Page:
Colored Concrete Cleaning - If your surfaces to be cleaned are made from colored concrete, make sure you get professionals to do the job or thoroughly check the product’s recommendations about safe cleaning options.
Concrete Overlay Preparations - If you are cleaning the surface prior to adding a decorative overlay, the concrete requires special treatment to remove any coating, sealers, other materials, as well as cleaning to ensure the overlay will band properly. The best way to do this is via shotblasting or similar methods, which requires a professional concrete-cleaning specialist.
The various categories of concrete cleaners are:
Soaps and detergents contain of fatty acids that emulsify grease, oil, and bind dirt, allowing dirt particles and stained to be lifted off and suspended in the water and so removed. Concrete is very porous, and binds dirt are stain in the cavities. A lot of elbow grease and a brush are required, as soaking with soapy water won’t work by itself.
When to use them: These mild chemical cleaners will only work on surfaces that don’t have heavily imbedded dirt and stains.
How they work: These concentrated products need to be diluted with water before being applied. Then pour the diluted mixture onto the surface to saturate all areas. Allow a few minutes to soak in and then give the surface a light to medium scrubbing. Rinse off with clean water. Several treatments may be required.
When to use them: Acid cleaners are very harsh, but are particularly effective for removing metallic salts that appears as crystalline residues or white powder on the concrete surface. The acid can etch the surface removing stains.
How they work: Usually the concentrated acid mixture needs to be carefully prepared and diluted using the manufacturer’s instructions. Always add the acid to water and not the reverse, and always use gloves and goggles. The concentrated acid is very hazardous to skin and eyes. Usually scrubbing is needed and several applications may be required to remove stubborn stains. After treatment it is important to neutralise the acid or to thoroughly rinse the surface with copious amounts of water. Using a sealer after washing and drying helps to prevent future staining and gives the surface a better finish.
When to use them: Alkaline cleaners (also known as "concrete degreasers") are mostly used to remove grease, oil or other organic stains on concrete. The alkalinity helps emulsify the oily or fatty substances.
How they work: Alkaline cleaners generally require dilution with water. Deeper and hard-to-remove stains may require use of full-strength cleaners. Scrubbing is also required. Soaking the area with the cleaner often helps and make sure you allow enough time for the reaction to occur. Multiple applications may be required to lift the stains and oil residues.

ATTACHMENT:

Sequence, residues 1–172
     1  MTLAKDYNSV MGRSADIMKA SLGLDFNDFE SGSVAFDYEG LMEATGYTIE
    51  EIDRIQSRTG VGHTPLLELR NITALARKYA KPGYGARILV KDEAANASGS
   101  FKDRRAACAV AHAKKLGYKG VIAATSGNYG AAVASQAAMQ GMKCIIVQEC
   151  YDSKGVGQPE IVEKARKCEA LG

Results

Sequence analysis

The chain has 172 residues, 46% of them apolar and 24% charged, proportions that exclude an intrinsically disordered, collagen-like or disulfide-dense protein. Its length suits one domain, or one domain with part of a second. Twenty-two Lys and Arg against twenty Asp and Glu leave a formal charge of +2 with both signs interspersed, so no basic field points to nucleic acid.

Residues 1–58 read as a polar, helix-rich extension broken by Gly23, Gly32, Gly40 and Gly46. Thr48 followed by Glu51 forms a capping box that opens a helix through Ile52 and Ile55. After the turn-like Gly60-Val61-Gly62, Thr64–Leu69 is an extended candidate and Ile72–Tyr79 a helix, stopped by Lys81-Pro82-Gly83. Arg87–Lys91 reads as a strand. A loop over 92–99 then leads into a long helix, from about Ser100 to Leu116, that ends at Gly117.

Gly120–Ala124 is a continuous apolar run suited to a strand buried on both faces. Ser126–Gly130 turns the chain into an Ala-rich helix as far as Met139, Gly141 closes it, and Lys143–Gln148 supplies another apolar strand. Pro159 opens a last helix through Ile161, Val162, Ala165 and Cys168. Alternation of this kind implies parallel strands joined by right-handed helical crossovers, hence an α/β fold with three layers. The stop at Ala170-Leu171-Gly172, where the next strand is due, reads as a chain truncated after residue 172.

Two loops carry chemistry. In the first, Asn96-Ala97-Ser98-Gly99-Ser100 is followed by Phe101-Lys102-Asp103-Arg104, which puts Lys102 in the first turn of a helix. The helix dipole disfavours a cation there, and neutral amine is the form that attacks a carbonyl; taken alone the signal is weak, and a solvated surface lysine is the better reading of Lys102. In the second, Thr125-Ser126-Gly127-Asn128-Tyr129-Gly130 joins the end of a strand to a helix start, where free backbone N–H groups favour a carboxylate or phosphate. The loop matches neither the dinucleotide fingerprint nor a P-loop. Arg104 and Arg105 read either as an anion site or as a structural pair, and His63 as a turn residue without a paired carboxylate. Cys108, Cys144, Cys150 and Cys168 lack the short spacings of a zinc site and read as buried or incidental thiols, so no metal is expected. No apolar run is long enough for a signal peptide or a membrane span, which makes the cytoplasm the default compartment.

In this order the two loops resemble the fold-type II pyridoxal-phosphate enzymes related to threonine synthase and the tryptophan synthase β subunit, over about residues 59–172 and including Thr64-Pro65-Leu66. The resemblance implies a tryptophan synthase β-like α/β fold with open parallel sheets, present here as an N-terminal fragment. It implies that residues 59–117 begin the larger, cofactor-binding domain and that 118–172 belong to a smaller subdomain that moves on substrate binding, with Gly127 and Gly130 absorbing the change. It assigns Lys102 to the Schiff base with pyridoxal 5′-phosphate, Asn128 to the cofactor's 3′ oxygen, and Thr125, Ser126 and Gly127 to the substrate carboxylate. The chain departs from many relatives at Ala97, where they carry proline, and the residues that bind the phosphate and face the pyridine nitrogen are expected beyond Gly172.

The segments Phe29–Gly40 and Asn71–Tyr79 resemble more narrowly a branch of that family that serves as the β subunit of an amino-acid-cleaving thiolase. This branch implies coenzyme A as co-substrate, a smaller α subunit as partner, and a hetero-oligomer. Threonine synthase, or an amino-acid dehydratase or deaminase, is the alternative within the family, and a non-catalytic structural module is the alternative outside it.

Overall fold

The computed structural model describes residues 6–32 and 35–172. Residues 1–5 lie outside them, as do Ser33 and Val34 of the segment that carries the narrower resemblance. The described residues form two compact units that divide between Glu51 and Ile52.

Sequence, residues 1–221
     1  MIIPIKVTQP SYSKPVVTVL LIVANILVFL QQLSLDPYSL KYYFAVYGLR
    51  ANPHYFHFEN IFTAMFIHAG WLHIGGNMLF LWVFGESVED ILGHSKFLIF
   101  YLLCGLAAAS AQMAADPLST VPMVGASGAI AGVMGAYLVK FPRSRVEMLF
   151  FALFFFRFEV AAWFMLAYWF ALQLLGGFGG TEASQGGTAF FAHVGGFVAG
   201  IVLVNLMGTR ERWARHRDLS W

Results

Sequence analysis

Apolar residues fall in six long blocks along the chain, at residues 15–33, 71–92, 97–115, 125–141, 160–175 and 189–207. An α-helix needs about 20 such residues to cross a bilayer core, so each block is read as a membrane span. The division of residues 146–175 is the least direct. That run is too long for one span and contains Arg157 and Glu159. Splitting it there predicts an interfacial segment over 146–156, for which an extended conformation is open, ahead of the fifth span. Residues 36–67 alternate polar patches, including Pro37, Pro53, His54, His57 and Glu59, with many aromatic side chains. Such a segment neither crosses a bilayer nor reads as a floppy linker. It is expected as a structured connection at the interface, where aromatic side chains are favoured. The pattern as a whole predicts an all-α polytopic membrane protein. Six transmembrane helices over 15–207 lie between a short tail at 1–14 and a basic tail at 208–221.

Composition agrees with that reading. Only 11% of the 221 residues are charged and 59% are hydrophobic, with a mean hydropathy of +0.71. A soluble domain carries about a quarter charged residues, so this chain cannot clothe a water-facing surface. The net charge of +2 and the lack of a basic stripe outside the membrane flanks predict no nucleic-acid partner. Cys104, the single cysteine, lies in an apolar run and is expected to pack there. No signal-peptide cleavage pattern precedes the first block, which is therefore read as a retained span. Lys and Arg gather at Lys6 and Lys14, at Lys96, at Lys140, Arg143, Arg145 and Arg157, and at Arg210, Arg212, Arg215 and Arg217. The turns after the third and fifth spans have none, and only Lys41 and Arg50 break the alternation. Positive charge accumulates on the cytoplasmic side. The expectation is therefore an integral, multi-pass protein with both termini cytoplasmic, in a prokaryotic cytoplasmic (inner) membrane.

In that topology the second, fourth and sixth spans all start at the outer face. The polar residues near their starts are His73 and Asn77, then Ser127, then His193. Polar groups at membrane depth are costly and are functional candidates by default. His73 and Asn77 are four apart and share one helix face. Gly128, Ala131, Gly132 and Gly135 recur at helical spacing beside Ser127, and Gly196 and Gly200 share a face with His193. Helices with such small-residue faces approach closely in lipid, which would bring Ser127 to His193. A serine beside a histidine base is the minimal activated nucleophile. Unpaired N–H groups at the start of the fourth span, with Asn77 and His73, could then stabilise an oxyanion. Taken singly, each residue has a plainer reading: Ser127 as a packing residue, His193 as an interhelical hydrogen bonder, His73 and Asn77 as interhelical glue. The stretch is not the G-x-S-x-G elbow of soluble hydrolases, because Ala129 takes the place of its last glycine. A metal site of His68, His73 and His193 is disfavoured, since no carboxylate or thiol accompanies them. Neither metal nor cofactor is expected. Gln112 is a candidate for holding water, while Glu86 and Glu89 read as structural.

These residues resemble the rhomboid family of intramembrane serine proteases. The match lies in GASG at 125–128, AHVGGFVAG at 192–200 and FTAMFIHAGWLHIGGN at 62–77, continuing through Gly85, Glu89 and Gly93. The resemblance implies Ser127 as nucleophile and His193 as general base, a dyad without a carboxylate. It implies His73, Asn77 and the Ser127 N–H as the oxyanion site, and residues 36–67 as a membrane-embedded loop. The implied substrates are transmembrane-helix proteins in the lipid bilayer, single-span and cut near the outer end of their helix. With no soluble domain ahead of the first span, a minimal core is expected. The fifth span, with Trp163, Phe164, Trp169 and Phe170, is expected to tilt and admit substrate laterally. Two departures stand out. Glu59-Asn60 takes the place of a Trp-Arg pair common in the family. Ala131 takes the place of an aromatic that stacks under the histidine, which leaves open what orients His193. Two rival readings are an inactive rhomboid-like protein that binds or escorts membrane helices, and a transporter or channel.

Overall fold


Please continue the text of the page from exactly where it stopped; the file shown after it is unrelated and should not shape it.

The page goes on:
When to use them: These cleaners use active enzymes and organic chemistry to remove stain. They are also known as "oxidation cleaners." One common brand is OxiClean. Generally, they work best on organic stains from starch, proteins and hydrocarbon type stains. They work well on pet stains such as urine and some stains from leaves and other plant debris.
How they work: Because they work via a biological reaction these cleaners are less hazardous and do not require neutralisation after use. They also do not attack the concrete itself. However they do require long soaking times to be effective, with regular brushing to ensure the cleaner penetrates into the stain. Several applications may be required.
Specialty cleaners are designed to remove specific types of stain such as rust, tannin residues from plants and motor oil stains. The instructions should be carefully followed.
Pressure Units wash concrete using higher water pressures to dislodge dirt and stains reducing the need for manually scrubbing. You can hire or buy units that are specially designed for cleaning concrete (hot and cold water). Electric and petrol driven units are available with maximum pressures of 10,000 kPa (1,450 psi) for home-use models. Commercial and professional models have maximum pressures of 14,000 to 18,000 kPa (2,000 to 2,600 psi). The nozzle distance away from the concrete surface is critical for effective use. Professional units allow detergents and chemicals to be injected into the water stream.
The main benefit of using steam is that the high temperatures do most of the work, rather than water pressure. Detergents work better at high temperatures. Proteins and other organic substances are denatured and broken down at boiling point temperatures. Steam cleaning works best on certain types of stains. In some cases pressure cleaning is far more effective.